We stopped at the AMC club to grab a quick bite to eat before attempting a recovery operation. We also picked up a local hiking map that had latitude/longitude markings on it, in case all of our technical devices failed. Jeff and Jim didn't believe me that it was right on top of the mountain, but Jeff helped me decode the coordinates himself and wanted to plot them on the map. After a bit of math and using a makeshift ruler, he marked the location on the paper map.

Directly on top of Mt. Jackson.

We looked at the hiking trails nearby, and learned that it was just over a three mile hike to the top of the mountain, and we were already parked in the lot for the trailhead. There was only one thing left to do: hike up and get it!

We finished lunch in a hurry. I packed up all the radio gear into my backpack and set out with Dav as my partner for the recovery operation, and kept in contact with Jeff over 2m simplex. We set out on the trail, determined to find the final resting point of this payload.

We quite literally bounded up the trail, covering the 2,500 vertical feet in just over an hour.

Nearing the summit, the wind picked up. Mt. Washington has the claim to fame of having the highest wind speed ever recorded by a human. Though the gusts on the summit of Mt. Jackson that day were probably only 35mph or so, they were bitingly cold and cut through my only layer fiercely. The tree line in the mountain range was only a hundred feet or so above the summit, and the trees all showed signs of retardation from the wind and harsh winter snows.

We reached the top and I immediately grabbed my radio. I picked up an APRS position report from the payload on my HT confirming the coordinates we already knew. The yagi antenna was saturated with signal - we were very close now!

I headed off the summit in the direction of the payload, and found quickly that I was going to have to bushwhack my way through. It was only a hundred feet now to the last coordinates, but it was very slow going in the densely forested stubby trees. Just 30 feet or so away, the bright pink parachute caught my eye. Not far behind it lay the red SparkFun box I had let go over 16 miles away three hours earlier.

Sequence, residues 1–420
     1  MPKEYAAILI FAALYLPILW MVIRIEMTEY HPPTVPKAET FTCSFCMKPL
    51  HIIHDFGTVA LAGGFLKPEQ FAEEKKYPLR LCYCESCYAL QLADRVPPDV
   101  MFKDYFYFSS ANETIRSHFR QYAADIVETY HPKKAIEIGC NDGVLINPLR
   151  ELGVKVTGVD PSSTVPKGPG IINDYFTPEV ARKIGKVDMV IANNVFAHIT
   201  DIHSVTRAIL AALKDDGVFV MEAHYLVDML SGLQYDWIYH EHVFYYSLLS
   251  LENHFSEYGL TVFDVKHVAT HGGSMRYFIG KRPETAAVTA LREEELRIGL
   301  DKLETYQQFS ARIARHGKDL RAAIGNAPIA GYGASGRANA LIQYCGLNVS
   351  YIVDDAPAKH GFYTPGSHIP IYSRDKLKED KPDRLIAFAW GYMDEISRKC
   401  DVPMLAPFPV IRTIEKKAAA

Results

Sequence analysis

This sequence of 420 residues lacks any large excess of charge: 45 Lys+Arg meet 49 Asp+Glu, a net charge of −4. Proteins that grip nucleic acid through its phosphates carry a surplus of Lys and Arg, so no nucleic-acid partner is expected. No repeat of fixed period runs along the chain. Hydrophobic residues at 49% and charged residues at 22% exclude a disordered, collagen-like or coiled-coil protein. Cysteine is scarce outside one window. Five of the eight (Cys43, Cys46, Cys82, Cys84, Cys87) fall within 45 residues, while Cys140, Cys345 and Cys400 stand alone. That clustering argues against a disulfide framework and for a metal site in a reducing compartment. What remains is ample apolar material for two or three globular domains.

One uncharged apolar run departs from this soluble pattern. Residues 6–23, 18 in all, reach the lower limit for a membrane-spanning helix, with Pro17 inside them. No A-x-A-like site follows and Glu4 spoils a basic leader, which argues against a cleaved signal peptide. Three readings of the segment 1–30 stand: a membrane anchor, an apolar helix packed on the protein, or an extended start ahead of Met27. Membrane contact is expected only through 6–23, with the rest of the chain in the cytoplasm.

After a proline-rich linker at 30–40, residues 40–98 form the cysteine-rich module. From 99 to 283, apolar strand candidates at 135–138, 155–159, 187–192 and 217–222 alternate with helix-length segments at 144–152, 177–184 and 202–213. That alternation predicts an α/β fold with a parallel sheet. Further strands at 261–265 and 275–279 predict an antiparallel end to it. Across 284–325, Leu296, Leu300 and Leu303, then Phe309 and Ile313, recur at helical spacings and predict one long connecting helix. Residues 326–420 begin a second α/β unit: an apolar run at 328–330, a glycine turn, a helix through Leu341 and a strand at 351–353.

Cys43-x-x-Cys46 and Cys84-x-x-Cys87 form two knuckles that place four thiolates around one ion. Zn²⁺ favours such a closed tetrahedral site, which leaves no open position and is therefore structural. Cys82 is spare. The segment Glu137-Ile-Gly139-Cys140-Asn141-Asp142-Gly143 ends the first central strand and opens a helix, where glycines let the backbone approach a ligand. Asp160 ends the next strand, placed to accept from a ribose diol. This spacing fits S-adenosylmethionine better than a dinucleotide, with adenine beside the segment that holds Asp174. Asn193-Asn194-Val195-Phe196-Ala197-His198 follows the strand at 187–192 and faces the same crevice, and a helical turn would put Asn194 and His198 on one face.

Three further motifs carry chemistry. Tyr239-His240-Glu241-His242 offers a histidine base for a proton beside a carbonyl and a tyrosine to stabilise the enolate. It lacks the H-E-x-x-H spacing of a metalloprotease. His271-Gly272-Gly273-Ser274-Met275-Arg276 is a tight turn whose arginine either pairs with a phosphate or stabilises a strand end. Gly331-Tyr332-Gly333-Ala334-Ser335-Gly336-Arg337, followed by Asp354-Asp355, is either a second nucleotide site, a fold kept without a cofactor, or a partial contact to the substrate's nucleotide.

We'd found it!

I trudged through the brush and climbed the short tree and retrieved the payload. The GoPro was turned off, which I took as a good sign that the battery had run all the way through. The only thing to check now was make sure that it was functional while in the air!

I radioed down the mountain that we'd recovered the payload, and Dav and I made our way back down. Happy to be out of the wind, we started shedding layers.

Near the bottom, we met up with Jeff and Jim, who had wandered a bit up the trail behind us. Not long after, we found Bill Church again, only this time he was carrying a six pack of local beer. Another lifesaver! Cracking that cold beer on the trail, payload successfully recovered, was one of the best feelings in the world. Being surrounded by the changing leaves in the White Mountains of New Hampshire was just unreal, and I realized how luck had been on our side so many times that day. From untested payload to the cutdown actually working to the recovery site just 130 feet off an established trail, everything went in our favor.

We all met up again and made our way to the Mt. Washington Hotel, just at the base of the 6,288 foot peak. We cracked another celebratory beer and I fired up my laptop, eager to see if the GoPro had worked.

I threw the memory card in and lo and behold, there were 1,300 pictures of the setup, launch and landing location. Everything went perfectly!

We hit the road again that night with a 3 hour drive ahead of us, the day's adventure over but all of us ready to move on to the next one.

For a few more photos, check out the set on flickr.